: The Year They Changed The Wires is at

'l the Third Eye Centre, Glasgow, 6-8 Dec.



ofthat.‘ : own radio show. a shot at

presenting l’ick ofrhe

Purcell Rooms, Brown is E alreadystartingto

, Edinburgh gig tiesin nicely with his first ever

f chancer.’ he admits. ‘1 just

don't they? I'm doing an



all" g A.

Arnold Brown gets groovy ‘In the Edinburgh Fringe I got bad reviews from The List and 'I'heJewis/r Chronicle.‘ says Arnold Brown. ‘so that means my Scottish-Jewish identin is up the spout!‘

His show. he assures us. got much better after the first night. reaping many rave reviews, and in any case his forthcoming one-offgig in Edinburgh features the added attraction of pianist Rod Melvin. best known for co-writing the music for lan Dury's W/mtA ll'aste. ‘I met him about ten years ago when I was at the Comic Strip.‘ says Brown. ‘and i met him again strangely enough at the Labour Party conference. Is that a comment on life'."

Taking the lead from his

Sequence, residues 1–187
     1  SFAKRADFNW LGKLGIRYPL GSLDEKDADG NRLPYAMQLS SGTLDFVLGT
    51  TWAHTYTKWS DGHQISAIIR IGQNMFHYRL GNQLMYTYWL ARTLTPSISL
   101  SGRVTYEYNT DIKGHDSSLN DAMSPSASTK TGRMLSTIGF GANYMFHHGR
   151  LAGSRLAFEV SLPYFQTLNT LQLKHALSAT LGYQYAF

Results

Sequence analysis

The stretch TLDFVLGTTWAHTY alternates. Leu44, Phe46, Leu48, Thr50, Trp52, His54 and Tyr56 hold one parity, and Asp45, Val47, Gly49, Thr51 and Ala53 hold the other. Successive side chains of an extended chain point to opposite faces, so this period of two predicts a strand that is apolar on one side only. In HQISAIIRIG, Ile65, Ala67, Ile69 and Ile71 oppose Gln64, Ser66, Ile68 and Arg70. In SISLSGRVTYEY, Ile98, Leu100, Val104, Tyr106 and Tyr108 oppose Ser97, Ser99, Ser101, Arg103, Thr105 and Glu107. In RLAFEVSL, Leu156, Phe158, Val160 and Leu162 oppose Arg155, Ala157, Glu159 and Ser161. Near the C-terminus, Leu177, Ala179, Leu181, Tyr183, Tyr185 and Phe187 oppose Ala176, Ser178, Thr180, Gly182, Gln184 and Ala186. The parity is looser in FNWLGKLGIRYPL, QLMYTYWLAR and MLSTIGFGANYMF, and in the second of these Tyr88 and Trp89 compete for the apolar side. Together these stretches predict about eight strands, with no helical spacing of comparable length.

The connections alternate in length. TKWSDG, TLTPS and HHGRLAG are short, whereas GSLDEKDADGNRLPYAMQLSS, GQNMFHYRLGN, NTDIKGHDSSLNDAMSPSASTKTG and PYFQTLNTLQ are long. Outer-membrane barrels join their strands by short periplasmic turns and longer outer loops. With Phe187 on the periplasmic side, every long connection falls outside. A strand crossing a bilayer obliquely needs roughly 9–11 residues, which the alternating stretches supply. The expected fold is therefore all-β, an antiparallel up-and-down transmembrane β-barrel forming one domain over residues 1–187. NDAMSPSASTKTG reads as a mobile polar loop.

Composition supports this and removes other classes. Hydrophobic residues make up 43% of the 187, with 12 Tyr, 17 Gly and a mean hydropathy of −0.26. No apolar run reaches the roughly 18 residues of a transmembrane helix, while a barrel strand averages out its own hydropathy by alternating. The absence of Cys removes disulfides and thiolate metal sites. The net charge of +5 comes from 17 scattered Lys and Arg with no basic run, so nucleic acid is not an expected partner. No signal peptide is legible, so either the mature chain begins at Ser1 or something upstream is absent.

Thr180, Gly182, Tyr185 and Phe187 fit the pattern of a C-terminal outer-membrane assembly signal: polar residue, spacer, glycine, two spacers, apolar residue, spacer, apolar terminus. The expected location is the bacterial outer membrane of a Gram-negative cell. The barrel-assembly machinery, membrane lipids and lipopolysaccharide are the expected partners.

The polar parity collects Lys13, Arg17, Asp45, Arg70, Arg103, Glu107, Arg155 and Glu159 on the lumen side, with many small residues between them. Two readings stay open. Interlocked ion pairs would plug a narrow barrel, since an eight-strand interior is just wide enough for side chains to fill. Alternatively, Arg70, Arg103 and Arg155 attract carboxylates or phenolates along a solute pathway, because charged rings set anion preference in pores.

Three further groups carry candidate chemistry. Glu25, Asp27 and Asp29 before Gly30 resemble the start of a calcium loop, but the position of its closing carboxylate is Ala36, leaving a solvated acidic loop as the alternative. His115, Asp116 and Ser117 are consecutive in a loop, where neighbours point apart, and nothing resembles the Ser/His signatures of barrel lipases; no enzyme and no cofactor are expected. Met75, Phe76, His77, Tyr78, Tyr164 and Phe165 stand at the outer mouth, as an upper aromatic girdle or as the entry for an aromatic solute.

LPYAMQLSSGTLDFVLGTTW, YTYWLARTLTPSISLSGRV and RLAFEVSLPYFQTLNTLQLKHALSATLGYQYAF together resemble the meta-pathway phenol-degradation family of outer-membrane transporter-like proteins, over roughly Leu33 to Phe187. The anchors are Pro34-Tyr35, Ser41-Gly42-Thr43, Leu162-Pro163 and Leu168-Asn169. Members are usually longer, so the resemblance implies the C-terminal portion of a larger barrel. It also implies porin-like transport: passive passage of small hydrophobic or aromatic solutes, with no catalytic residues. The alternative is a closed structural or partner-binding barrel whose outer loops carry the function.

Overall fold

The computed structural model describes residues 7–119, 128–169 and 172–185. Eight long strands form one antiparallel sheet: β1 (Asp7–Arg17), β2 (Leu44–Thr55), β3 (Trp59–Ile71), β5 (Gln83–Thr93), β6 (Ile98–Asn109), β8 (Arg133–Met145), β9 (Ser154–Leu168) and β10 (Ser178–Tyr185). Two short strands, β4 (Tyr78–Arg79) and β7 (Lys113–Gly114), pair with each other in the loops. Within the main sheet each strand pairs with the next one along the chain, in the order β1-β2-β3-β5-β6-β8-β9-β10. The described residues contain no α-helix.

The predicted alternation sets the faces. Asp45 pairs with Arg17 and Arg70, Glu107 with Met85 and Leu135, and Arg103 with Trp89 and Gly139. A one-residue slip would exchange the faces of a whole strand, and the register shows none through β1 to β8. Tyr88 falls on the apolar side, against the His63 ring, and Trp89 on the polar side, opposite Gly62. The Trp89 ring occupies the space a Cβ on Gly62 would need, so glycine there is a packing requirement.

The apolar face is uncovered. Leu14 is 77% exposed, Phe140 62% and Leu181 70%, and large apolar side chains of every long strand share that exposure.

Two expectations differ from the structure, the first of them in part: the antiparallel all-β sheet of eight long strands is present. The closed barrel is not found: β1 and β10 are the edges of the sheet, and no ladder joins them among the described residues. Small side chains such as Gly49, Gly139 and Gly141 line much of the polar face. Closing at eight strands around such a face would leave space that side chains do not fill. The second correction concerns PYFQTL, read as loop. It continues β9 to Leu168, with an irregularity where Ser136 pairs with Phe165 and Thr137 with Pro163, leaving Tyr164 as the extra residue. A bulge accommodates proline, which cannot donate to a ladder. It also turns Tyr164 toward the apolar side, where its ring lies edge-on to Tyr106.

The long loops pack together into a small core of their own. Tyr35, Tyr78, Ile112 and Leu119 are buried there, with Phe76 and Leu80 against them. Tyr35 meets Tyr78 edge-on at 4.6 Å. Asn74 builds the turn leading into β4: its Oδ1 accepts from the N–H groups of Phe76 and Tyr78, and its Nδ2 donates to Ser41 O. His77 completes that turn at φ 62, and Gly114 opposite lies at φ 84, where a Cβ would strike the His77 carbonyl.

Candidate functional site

Perrier Award-w inning 1987 show with Jungr and Parker. Brown is collaborating with Melvin to mix a little atmosphere into the set. ‘The songsare more like fragments.‘ he says. ‘They top and tail one or two of my routines. I'm not changing the thrust of the act. but adding to the theatricality ofit all. Because I'm low key. the music adds punch and style. 1'” be singing. almost talking. You know the way Rex llarrison did Talk To The Animals"? I'm going to do a hip version

After two series ofhis

Week and an imminent ten-day run in London's

diversify. Indeed his

after dinner speech. ‘l'm a complete and utter

go where the money is. Most socialists have to.

after dinner speech at the B (it 0 conference. l'm going to give the impression that i‘m a mini-celebrity. l'll drop names ofpeople i know .‘ (Mark Fisher)

Arnold Brown is air/re Counting House. Edinburgh. Fri 7Dec.

The List 7 20 December 1990 55